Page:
Sharks’ blood could help fight against can­cer

Sci­en­tists dis­cover mol­e­cules at­tack tu­mours

The Sunday Post (Dundee) - - NEWS - By sally Mcdon­ald SMCDONALD@SUNDAYPOST.COM

Dr Caro­line Barelle

‘ We be­lieve the mol­e­cules can en­ter and kill can­cer cells

They are feared more for tak­ing lives than sav­ing them but sci­en­tists be­lieve sharks could help in the fight against can­cer.

Re­searchers have been study­ing an­ti­body-like mol­e­cules in shark blood that they be­lieve can help beat can­cer.

And to­day they re­vealed they may be only two years from get­ting the treat­ment to pa­tients.

Dr Caro­line Barelle is lead­ing re­search into the mol­e­cules, trade­marked as solom­ers, and told The Sun­day Post: “With in­vest­ment I hope we would be in clinic in two years.

“We are tar­get­ing solid tu­mours. We be­lieve solom­ers can ‘punch’ deeper into the tu­mour, en­ter­ing and killing can­cer cells.

“We are push­ing for­ward with our pre- clin­i­cal data which is in the late stages of test­ing a new medicine to make sure it does what you think it will bi­o­log­i­cally.

“The next step is then mak­ing the medicine un­der re­ally clean con­di­tions and check­ing it to make sure it is safe be­fore go­ing into clin­i­cal tri­als.

“We are out look­ing for in­vestors and/ or phar­ma­ceu­ti­cal part­ners to get us there.” Dr Barelle, chief ex­ec­u­tive of Aberdeen Univer­sity’s global biotech firm Elas­mo­gen, reck­ons the treat­ment could also be used to trans­form the lives of pa­tients suf­fer­ing from a range of eye con­di­tions.

And she would love noth­ing more than an in­vestor of the stature of US Mi­crosoft mag­nate and phi­lan­thropist Bill Gates to step up to the plate.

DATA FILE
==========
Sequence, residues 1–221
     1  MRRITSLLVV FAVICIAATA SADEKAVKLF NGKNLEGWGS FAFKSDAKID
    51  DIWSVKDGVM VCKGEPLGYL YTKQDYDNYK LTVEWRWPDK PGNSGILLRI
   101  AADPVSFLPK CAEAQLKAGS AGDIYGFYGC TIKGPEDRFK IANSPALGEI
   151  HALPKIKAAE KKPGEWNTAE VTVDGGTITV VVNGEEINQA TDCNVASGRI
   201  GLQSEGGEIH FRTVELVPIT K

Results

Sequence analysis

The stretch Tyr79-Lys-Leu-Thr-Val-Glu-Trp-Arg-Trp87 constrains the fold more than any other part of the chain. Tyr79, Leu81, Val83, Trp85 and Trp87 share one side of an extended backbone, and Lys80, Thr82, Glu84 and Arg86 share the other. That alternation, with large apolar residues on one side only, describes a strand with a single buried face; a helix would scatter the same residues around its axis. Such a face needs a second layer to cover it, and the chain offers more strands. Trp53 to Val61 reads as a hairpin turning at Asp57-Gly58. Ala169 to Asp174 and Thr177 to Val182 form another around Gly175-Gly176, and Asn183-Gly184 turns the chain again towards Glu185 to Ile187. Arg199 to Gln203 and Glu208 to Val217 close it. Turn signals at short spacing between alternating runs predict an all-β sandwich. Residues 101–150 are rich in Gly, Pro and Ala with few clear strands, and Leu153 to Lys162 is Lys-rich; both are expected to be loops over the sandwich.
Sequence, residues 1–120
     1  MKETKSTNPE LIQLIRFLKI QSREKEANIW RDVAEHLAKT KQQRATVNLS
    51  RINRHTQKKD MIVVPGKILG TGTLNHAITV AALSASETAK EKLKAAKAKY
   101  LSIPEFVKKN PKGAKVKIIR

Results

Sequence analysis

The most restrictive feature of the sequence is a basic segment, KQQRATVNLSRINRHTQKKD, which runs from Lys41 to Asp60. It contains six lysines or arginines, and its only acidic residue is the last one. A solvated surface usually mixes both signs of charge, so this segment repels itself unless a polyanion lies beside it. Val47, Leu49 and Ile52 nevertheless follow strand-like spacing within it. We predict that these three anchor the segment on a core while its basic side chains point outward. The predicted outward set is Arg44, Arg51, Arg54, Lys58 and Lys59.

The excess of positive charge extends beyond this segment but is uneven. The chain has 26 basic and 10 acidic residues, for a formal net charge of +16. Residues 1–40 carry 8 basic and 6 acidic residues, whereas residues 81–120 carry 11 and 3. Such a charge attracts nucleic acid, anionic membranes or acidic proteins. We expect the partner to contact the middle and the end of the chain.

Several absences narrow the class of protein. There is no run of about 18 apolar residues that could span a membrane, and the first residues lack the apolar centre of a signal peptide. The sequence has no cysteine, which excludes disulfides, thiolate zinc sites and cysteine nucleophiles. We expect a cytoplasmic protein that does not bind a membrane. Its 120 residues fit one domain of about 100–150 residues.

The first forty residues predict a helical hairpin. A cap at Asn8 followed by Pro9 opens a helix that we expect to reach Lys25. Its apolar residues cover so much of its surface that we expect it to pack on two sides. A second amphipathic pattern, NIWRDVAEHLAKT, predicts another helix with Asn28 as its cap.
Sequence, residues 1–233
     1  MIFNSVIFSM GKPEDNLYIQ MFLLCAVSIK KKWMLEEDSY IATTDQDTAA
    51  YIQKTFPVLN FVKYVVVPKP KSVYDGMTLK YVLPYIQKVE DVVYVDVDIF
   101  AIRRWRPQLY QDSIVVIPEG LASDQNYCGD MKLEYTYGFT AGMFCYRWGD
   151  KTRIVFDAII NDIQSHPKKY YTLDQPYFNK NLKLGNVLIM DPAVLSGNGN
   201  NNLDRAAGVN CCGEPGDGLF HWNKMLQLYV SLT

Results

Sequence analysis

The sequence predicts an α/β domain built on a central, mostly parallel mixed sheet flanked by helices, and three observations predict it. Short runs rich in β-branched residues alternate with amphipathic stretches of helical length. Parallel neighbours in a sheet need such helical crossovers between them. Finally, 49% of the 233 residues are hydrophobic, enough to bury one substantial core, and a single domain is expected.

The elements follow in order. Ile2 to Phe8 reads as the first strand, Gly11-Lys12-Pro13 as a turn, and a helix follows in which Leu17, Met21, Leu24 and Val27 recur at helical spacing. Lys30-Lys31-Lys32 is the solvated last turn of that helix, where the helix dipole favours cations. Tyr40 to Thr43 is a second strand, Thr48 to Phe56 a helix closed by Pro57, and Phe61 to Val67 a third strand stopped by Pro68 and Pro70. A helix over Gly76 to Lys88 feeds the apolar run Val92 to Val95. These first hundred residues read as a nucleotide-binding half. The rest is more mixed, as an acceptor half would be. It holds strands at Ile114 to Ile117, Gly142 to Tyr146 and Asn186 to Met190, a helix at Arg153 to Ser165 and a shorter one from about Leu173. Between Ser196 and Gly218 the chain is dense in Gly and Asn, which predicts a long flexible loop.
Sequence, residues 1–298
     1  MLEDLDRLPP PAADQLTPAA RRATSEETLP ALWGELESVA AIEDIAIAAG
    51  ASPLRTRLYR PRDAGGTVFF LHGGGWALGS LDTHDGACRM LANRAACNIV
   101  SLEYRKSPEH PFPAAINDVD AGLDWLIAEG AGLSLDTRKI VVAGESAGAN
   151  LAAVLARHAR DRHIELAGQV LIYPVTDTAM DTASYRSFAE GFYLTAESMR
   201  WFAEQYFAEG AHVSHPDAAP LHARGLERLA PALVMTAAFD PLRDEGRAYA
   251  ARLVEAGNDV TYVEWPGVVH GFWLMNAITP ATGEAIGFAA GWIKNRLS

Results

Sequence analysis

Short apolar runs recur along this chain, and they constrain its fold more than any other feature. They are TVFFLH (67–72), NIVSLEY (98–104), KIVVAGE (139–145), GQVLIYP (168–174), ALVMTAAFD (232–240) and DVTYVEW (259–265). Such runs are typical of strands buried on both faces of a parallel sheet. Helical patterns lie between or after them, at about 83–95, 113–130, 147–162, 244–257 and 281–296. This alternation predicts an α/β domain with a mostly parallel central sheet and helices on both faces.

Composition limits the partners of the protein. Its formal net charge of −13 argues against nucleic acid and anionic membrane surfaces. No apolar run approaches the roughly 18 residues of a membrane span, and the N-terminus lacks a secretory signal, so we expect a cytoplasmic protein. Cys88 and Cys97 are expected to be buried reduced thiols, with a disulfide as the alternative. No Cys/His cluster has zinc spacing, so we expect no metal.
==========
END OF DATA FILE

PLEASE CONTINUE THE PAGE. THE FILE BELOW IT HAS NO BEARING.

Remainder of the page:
She said: “Bill Gates is a great ex­am­ple of some­one who is rein­vest­ing his wealth to help oth­ers in a truly phil­an­thropic man­ner.

“The Gates Foun­da­tion is com­mit­ted to re­solv­ing dis­eases such as malaria and HIV which af­fect the poor­est peo­ple on this earth.”

Solom­ers first emerged about 20 years ago af­ter a col­lab­o­ra­tive study be­tween the Uni­ver­si­ties of Aberdeen and Mary­land, USA, led to

the dis­cov­ery of an un­usual an­ti­body- like mol­e­cule in the blood of sharks.

Dr Barelle, who still lives in her home city of Aberdeen, said :“These in­cred­i­ble an­i­mals are an­cient hav­ing first ap­peared in our oceans more than 450 mil­lion years ago. They are the old­est an­i­mals with a back­bone to have an im­mune sys­tem sim­i­lar to ours.

“We too are pro­tected by an­ti­bod­ies and by un­der­stand­ing how this in­cred­i­ble pro­tec­tive sys­tem has evolved pro­vides us with in­valu­able in­sights into how we can un­der­stand and crit­i­cally treat many dis­eases.

“My first en­counter with sharks was just more than 12 years ago when I joined a com­pany called Hap­to­gen which started to de­velop medicines based on solom­ers.

“I was then for­tu­nate to con­tinue with this re­search and lead teams within big pharma com­pa­nies who con­tin­ued to de­velop them.

“Dur­ing this time drugs based on other types of an­ti­bod­ies were re­ally chang­ing the lives of pa­tients but they are lim­ited as to what they can do in the body as they are large, com­plex mol­e­cules.

“It was re­ally the po­ten­tial of these un­usual solom­ers that drove me and my co- founder, Andy Porter to start a new com­pany to take these for­ward to the clinic.”

Ex­plain­ing how they work she said: “An­ti­bod­ies are like your per­sonal army – they look for nasty in­vaders in your body like bugs and bind to them and de­stroy them.

“They essen­tially pro­tect your body all your life.

“What sci­en­tists have done is to make an­ti­bod­ies that can find dis­eases in your body like can­cer and de­stroy them. The fan­tas­tic thing about shark solom­ers is that they are tiny an­ti­bod­ies so they can get into smaller spa­ces in the body.

“They are also very, very tough so they last longer. And fi­nally they can be linked to­gether like a daisy chain so they can at­tack more than one dis­ease mol­e­cule. All to­gether solom­ers are pretty cool mol­e­cules that can be made into medicines.”

In recog­ni­tion of her ground­break­ing work Dr Barelle was last year’s win­ner in the Ris­ing Stars: Ex­tra­or­di­nary Tal­ent cat­e­gory of Scot­land’s Life Sciences An­nual Awards.

Sharks, like this Caribbean reef shark, could help tackle dis­ease

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